"By portraying his sister for 15 years, I got to know him not as the villain of Washita and Little Big Horn," she said, referring two contentious battles against the Indians, "or as a Civil War hero, but as a loving, caring tender family man." Custer actively cultivated his legacy during his 36 years. He loved publicity. He designed his own uniform, making him look like "a circus rider gone mad," John Doerner said. "People need heroes and George Custer is singled out for his exploits," Doerner added. "All great nations have their last stands: the Texans had the Alamo, the Spartans and Thermopylae, and Custer is a tie back to a period in history that lot of people were fascinated by but born too late for."
The Rendezvous has a top-notch Custer in Steve Alexander, who has become the go-to man for all things Custer in the United States. He has appeared as Custer on cable television programmes at least 15 times. He is Custer at re-enactments at Little Bighorn, Gettysburg and other Civil War battles and travels three or four times a month to portray him elsewhere. He travels through airports wearing his costume, a cocked cowboy hat, light grey buckskin and red scarf. He owns 1,000 books about the Custer era. His colleagues at his job as a utility company surveyor in Michigan call him "General". He also sometimes does the same.
Alexander grew up in Custer's hometown of Monroe, Michigan, studied the general all his life and fell into the role of Custer in the late 1980s, when travelling out West towards Little Bighorn. A museum director in Hardin, Montana saw Alexander in a full beard, suede jacket and hat and asked him to play Custer at a celebration. Like the other historical figures at the Rendezvous, Alexander makes little money at historical re-enactments, usually recouping only his travel costs. The living historians, as they prefer to be called, spend considerable time and money to research and portray the personages they take up. The re-enacters also seem to have an affection for their chosen historical personae, eager to excuse or forgive their famous shortcomings, as if somehow, in all the time spent with these long-dead figures, they have become like family.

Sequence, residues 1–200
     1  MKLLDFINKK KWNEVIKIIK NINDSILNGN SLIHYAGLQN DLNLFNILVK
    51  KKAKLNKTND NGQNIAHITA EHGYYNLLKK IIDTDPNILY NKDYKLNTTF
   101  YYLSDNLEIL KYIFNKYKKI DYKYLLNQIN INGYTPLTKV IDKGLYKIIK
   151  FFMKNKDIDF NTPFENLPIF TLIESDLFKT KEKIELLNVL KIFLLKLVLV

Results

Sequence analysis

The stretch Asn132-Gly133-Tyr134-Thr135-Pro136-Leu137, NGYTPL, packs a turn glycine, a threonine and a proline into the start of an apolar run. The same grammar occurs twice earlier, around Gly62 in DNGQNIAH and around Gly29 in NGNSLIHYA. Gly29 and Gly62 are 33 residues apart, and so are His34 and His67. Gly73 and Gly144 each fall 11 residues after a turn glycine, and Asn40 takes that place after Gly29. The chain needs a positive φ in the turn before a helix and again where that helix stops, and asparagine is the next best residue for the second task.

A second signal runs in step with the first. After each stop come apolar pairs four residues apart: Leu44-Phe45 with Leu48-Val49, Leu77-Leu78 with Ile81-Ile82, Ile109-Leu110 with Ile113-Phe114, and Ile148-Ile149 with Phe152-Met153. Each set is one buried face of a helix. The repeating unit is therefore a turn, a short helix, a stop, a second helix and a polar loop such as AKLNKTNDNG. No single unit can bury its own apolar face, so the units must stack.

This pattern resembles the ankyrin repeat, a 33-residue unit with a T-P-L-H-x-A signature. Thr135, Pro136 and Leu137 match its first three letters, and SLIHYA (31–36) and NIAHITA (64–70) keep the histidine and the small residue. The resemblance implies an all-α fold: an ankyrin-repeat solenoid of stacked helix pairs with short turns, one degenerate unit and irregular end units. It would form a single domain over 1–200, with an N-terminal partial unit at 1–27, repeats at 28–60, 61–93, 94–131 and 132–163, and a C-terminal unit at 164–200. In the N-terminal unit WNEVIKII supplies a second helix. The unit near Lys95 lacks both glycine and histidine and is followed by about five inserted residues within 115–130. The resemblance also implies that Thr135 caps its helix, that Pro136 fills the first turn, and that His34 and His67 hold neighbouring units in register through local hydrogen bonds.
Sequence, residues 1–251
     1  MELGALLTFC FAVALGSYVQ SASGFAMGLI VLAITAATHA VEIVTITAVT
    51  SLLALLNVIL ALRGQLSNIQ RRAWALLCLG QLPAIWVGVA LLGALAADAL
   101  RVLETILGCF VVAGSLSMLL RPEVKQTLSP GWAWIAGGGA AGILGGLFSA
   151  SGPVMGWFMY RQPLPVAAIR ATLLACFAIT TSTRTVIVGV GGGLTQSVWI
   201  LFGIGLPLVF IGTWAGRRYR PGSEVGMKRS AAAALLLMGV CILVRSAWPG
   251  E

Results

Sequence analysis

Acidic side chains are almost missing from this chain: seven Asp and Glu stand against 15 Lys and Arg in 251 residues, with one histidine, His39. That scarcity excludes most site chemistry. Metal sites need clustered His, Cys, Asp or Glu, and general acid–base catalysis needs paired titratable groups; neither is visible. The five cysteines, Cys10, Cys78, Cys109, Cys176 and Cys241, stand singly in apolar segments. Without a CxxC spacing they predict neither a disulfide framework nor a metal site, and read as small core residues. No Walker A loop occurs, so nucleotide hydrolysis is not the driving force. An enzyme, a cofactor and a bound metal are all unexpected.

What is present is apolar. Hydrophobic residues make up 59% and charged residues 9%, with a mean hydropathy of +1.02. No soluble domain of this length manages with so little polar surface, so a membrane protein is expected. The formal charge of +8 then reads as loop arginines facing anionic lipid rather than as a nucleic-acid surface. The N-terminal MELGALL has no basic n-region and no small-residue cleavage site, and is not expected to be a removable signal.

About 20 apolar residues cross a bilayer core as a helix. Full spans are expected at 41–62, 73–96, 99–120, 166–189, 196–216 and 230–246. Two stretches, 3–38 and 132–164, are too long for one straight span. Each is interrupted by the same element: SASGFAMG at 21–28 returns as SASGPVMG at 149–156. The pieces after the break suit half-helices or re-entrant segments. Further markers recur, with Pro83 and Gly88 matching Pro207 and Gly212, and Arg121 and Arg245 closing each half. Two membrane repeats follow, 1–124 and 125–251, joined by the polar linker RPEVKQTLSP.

Alexander likes to come to the Rendezvous, he said, because it's near a place where Custer had once been. He wants people to know about other aspects of the general's life, not just the storied last day. He is on a mission to "swing the pendulum back," on Custer, he said. "My patriotism and who I am as an American was greatly influenced by what I read as a child," he said. "In recent times, they try to destroy historical figures. What I do is a positive to balance the negative."
The Great Royal Buffalo Hunt marked a high-point of sorts in relations between the two future superpowers whose nuclear standoff defined the second half of the 20th century. Their friendship cooled in the decades following the Grand Duke's return to St Petersburg, eventually falling into a deep freeze after the Bolshevik Revolution that killed Alexei's nephew, Tsar Nicholas II. The Rendezvous, too, may be on the wane. All the organisers are in their seventies and eighties, and the 11 months of planning for the event exhausts them. Fewer townspeople are coming to the event, saying that it changes little each year, and the organisers suggested that next year's Rendezvous may be the last.
The re-enacters are getting old for their parts. Shapland is the youngest of the bunch and he can play Buffalo Bill for decades, as Cody died at 70. But the others are largely in their fifties, and some re-enactors question how long they can play people who were in their twenties and thirties during the Grand Duke's trip. "There are many Buffalo Bills and a number of Custers, but there is no one I know who does the Grand Duke," Jahnis Abelite said. "We don't see anyone coming up to us and saying, 'Can I take over your role some day?' All of us re-enactors feel that these events will fade into obscurity unless others come up. I don't want to be a 65-year old man playing a 22-year old Grand Duke."
Steve Alexander declines to give his age, only to say "I will be celebrating my 170th birthday in Monroe, Michigan this December 5," which is in fact, Custer's birthday. But he does colour and curl his hair now to approximate Custer's blond locks. He wonders, too, how long he can pull off his portrayal. But his life is now so intertwined with Custer's that it may not matter much. He bought the house that belonged to Custer's wife - where the general himself stayed for a few months in 1868. Even if the re-enactments end, he's still Custer, Alexander said, because he wakes up in the general's house every day.
Not that he thinks he is Custer. Rather, after all these years at re-enactments like the Rendezvous, Custer is a part of him. "The Indians think I am Custer reincarnated," Alexander said. "I'm a Christian, so I don't believe in those supernatural things." "But I have a theory - and there's no credence in scientific fact for this - that memories aren't something you can hold in your hand. So, when a person dies, do those memories go with him or go out into the universe? Then suppose a child was born who was more susceptible and empathetic to those values. Is it possible that I inherited some of those molecules of Custer's memories?"
Neela Banerjee, a former reporter at the New York Times, is a writer based in Washington, DC.